Donor management and event management software are two powerful tools for staying connected to those who contribute most to a charitable mission. Whether giving creativity, time or funds, supporters thrive when their efforts are recognized. A nonprofit should exert just as much energy toward thanking donors as it does recruiting them. The same rule applies to volunteers. The more appreciation is personalized, the more easily a nonprofit can establish meaningful bonds with its advocates, according to Nonprofit Hub. Gratitude requires upkeep. Losing touch means losing support.
Recognize unique individuals
A mass email to volunteers or a form letter to donors simply isn't enough to say thank you. Readers know a standardized template when they see one, and no one wants to be treated as a generic part of the crowd, said nonprofit expert Randy Hawthorne. Fundraisers and volunteer managers need to allot time for crafting sincere, personal thank-you letters. If those in charge of sending thank-you letters aren't natural writers, there's no need to worry. Donation management software's CRM tools organize notes for reference, so staff have some help in personalizing their correspondence. Instead of needing to remember who participated in what charitable function, volunteer managers can use event management platforms to keep tabs.
"A personally scripted message demonstrates sincerity."
With information at one's fingertips, letter writers don't need to spend much time preparing to compose a thank-you note. They only need to pick up a pen, because a handwritten card is the most effective way to show gratitude. A personally scripted message demonstrates sincerity and effort. The human connection is even more important in the scope of online giving, in which donors are hidden behind a screen. Tangible appreciation can mean the world to philanthropists who could otherwise feel invisible.
Leave the door open
If the writer of a thank-you letter wants to flex their creative muscles, why not include an invitation for further engagement? This is a fantastic way to tell the recipient that the appreciation extends beyond a single moment. It isn't necessary to push the next fundraising event. Instead, consider holding a thank-you dinner for donors or inviting volunteers to a seasonal party to celebrate their efforts. Such occasions give nonprofit staff a chance to thank their advocates in person, and also allow volunteers and donors to develop relationships with each other.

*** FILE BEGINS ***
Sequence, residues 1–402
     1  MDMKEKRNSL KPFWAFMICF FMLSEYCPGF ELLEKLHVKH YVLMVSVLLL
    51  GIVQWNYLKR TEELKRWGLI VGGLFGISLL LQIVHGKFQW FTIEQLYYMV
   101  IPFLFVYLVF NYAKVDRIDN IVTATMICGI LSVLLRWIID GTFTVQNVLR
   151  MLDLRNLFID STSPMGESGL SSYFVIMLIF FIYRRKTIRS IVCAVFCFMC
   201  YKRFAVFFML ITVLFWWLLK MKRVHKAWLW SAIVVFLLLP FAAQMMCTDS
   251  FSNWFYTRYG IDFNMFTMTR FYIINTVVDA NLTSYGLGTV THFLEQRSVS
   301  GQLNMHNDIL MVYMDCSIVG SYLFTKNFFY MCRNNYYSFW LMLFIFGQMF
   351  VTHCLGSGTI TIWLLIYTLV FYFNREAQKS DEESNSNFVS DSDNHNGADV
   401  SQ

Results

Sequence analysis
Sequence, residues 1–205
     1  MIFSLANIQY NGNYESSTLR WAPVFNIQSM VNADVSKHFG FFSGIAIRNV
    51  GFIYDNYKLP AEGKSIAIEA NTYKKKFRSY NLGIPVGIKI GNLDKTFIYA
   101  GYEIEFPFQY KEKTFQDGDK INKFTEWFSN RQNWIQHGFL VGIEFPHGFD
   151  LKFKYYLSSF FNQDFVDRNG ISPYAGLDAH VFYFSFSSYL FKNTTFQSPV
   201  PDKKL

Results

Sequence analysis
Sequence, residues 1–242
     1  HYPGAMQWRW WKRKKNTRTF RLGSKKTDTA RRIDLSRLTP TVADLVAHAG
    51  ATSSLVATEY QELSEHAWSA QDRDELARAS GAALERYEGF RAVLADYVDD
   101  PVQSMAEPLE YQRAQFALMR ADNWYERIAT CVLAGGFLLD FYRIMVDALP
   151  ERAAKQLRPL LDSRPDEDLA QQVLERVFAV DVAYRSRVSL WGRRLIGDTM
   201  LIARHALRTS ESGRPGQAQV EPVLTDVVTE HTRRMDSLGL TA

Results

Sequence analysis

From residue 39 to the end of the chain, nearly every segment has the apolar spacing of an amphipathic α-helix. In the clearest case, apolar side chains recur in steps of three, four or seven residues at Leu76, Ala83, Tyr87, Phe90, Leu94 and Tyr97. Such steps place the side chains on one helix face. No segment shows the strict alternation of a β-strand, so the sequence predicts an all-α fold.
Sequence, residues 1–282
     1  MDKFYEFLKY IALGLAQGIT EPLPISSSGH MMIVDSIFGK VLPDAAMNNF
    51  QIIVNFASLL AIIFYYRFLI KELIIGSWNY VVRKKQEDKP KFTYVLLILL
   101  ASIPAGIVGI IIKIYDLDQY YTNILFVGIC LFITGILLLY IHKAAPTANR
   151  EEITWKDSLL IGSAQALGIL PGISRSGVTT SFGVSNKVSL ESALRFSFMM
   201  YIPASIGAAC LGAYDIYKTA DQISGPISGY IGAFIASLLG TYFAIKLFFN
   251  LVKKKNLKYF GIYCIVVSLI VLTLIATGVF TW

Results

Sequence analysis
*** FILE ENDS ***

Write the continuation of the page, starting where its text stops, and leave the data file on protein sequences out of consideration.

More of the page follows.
Keep it going
Gratitude can be expressed with more than the written word. Some instances call for other forms of appreciation. For instance, providing snacks for volunteers stuffing envelopes is a way to thank them immediately. Giving real-time props for hard work is just as necessary as acknowledging the effort after it's finished, said Steven Shattuck, Bloomerang's VP of Marketing. Something as small as remembering the favorite foods of volunteers can keep them coming back to the hardest tasks. Even notes as precise as individual candy preferences can be managed with CRM and analytics tools. Small things can create large impacts.
Twitter and other social media networks are also great platforms for naming individuals devoted to the cause, according to Wired Impact. Staff can engage with volunteers by live-tweeting an event, from setup to cleanup. This is not only a means of displaying instant thanks, it's a way for an organization to reciprocate volunteers' investment in their mission.
Complementing cards with visual media will make gratitude memorable. Doing so can also guard against the fear of inundating individuals with too much paper mail. Try reaching out with short thank-you videos. Online donors will appreciate having a face to a name, and speaking can sometimes feel more organic than writing. These videos can be sent via email or uploaded to a Facebook page.
Speaking of getting creative, volunteers are full of bright ideas that can help boost an organization's success. Taking the time to solicit and listen to their visions lets them know how much they're values.
Whether writing, talking or tweeting, it's critical that gratitude be specific. With that in mind, there is no reason to fear the conversational tone. Formality might seem more professional, but too much of it can create distance between an organization and the person it wants to thank. Taking the time to proofread will ensure that a relaxed writing style still looks polished.